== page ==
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Salvatore Quasimodo
Italian author and poet who won 1959 Nobel Prize in Literature

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Poetry is the revelation of a feeling that the poet believes to be interior and personal but which the reader recognizes as his own.
-- New York Times (14 May 1960)

However much everything else is distorted
The dead can never be sold.
Italy is my country, o stranger,
It is of its people I sing, and of the sound
Of secret lamentation that comes from its sea,
I sing of its mothers' chaste grief, of all its life.
-- Translation of a Quasimodo poem quoted by Presentation Speech by Anders Österling, Permanent
Secretary of the Swedish Academy during the award of 1959 Nobel Prize in
Literature to Salvatore Quasimodo

Là dura un vento che ricordo acceso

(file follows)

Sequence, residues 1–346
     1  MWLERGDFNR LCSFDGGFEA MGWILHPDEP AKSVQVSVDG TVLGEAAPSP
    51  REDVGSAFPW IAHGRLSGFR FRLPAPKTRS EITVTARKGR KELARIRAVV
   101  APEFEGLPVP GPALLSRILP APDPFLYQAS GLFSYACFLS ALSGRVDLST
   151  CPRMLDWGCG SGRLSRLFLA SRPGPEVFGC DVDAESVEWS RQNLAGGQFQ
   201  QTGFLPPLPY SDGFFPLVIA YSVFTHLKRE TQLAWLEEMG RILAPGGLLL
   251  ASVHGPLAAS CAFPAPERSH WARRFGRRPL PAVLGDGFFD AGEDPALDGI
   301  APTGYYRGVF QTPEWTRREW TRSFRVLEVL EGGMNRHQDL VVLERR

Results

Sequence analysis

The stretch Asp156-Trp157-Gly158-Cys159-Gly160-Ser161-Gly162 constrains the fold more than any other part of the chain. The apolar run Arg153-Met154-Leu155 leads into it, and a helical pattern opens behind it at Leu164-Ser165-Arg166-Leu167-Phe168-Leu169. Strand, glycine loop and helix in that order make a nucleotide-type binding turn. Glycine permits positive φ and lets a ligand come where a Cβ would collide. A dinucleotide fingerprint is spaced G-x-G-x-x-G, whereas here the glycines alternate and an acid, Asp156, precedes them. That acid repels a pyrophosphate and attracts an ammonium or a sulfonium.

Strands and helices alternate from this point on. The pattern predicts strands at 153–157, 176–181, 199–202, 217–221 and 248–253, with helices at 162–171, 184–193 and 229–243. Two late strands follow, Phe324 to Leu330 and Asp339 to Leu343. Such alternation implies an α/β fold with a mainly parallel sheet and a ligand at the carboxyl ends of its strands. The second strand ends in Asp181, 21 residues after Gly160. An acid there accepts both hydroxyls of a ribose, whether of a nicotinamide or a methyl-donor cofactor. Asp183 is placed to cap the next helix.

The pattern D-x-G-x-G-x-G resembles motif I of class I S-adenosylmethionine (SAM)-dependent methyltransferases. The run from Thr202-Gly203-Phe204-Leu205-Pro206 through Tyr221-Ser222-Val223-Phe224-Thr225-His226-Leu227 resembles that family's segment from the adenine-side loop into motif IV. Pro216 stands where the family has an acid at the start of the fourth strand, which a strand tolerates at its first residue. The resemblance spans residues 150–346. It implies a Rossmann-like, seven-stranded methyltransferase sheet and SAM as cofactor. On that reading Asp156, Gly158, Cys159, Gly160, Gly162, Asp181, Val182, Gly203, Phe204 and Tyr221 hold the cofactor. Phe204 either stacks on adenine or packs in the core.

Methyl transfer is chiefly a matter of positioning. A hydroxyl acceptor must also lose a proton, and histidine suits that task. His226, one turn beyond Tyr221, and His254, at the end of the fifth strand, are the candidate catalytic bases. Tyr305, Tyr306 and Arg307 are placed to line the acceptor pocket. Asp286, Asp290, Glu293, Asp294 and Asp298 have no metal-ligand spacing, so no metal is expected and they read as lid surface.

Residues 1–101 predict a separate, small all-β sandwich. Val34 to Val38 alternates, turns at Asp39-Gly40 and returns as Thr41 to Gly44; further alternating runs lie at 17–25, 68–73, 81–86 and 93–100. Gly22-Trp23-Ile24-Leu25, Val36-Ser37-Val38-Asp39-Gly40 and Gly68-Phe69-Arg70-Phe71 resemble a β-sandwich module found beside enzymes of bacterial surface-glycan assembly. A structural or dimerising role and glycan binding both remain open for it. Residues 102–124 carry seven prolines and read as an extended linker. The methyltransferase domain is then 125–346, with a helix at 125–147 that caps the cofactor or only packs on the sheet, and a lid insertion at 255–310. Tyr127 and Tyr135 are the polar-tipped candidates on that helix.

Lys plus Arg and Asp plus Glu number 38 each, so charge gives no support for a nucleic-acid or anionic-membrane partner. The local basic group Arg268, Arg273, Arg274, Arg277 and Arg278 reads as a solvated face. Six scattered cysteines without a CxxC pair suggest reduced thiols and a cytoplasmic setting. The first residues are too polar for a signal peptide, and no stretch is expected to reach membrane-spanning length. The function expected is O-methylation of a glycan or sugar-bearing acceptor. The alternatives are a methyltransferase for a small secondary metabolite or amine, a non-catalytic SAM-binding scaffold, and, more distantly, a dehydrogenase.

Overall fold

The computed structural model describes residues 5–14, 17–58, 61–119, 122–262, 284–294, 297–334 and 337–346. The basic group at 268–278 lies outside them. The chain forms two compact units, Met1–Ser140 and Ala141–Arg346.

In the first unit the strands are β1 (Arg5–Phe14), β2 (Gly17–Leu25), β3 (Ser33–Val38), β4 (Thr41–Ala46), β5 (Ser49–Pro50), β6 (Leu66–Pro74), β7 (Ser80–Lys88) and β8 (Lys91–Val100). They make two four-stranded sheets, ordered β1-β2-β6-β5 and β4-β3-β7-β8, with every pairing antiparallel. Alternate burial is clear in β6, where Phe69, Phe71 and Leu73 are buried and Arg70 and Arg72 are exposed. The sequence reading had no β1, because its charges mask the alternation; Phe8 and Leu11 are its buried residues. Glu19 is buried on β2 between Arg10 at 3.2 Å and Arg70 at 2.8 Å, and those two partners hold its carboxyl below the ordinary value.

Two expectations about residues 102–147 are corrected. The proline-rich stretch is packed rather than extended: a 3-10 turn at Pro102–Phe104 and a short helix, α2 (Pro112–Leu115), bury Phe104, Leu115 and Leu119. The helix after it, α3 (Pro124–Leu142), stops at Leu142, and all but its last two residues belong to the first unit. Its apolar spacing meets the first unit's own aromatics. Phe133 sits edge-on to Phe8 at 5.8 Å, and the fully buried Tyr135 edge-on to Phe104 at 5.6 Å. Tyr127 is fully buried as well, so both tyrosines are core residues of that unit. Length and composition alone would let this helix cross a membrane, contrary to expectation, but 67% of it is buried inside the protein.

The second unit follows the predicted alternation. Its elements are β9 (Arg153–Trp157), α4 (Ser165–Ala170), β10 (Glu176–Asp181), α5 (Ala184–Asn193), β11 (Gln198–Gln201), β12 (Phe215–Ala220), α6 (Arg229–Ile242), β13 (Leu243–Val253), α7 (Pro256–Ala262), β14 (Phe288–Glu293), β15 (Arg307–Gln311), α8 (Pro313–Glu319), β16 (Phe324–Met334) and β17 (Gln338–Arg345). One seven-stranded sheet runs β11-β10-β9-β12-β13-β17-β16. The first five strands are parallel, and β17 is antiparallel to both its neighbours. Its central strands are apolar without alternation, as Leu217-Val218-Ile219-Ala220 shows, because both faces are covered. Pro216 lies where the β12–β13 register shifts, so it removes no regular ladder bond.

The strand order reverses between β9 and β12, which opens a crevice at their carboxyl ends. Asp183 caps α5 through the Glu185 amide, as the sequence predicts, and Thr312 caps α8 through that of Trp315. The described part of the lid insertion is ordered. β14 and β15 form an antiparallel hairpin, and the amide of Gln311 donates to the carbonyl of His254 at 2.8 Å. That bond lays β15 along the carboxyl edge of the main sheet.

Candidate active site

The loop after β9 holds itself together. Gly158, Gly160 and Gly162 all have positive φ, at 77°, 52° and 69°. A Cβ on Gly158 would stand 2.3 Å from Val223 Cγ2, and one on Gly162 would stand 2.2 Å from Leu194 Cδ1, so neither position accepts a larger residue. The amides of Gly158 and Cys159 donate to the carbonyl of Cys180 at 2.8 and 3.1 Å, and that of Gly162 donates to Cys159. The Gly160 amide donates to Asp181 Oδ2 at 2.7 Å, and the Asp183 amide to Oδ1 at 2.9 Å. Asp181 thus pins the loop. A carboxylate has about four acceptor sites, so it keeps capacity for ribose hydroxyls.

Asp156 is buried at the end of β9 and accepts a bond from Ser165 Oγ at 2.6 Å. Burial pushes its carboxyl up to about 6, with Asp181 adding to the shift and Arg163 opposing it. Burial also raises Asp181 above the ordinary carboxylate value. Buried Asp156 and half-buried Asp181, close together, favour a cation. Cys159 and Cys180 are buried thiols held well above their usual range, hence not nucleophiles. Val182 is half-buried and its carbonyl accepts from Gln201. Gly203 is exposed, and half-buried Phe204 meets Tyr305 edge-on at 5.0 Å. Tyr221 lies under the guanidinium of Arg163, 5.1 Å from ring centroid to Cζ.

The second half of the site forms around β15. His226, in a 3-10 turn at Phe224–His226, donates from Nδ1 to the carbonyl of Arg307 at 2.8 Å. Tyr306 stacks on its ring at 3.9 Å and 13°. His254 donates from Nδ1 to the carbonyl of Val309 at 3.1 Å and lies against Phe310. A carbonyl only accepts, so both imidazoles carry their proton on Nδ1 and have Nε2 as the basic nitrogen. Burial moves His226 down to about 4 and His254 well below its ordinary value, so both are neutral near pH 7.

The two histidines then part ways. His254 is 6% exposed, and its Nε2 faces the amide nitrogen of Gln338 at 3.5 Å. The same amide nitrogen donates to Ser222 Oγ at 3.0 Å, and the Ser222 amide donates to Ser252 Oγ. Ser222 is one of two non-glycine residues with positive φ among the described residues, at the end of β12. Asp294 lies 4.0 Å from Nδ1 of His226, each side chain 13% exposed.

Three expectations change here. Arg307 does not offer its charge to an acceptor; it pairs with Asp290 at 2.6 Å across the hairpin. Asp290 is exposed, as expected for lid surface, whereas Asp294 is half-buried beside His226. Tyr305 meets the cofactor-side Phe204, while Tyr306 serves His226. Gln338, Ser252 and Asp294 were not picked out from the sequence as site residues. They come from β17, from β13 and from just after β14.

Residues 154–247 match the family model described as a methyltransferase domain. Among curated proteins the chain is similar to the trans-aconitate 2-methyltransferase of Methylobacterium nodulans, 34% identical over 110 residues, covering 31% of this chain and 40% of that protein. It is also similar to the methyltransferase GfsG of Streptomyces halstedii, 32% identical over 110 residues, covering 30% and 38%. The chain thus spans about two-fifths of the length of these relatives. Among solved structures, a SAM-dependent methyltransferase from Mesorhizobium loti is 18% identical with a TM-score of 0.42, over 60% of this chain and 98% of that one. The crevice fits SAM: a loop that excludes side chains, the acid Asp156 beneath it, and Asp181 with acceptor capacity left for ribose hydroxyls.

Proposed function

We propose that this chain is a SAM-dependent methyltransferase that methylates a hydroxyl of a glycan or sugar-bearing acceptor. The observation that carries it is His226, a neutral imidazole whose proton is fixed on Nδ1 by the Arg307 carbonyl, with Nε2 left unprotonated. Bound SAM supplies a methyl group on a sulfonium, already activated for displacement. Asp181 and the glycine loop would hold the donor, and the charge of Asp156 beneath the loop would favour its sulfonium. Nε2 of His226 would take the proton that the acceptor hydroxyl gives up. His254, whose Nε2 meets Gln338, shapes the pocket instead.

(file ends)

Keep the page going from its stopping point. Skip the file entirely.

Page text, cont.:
nelle criniere dei cavalli obliqui
in corsa lungo le pianure, vento
che macchia e rode l'arenaria e il cuore
dei telamoni lugubri, riversi
sopra l'erba.

There a wind remains that I recall afire
within the manes of horses as they slanted
their way across the planes, a wind that chafes
the sandstone and erodes the very hearts
of derelict caryatids cast down
Onto the grass. (...)
-- Strada di Agrigento (Agrigentum Road). Translated by A.Z. Foreman. Source: Poems in Translation blog.

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The selection of the above quotes and the writing of the accompanying notes was performed by the author David Paul Wagner.

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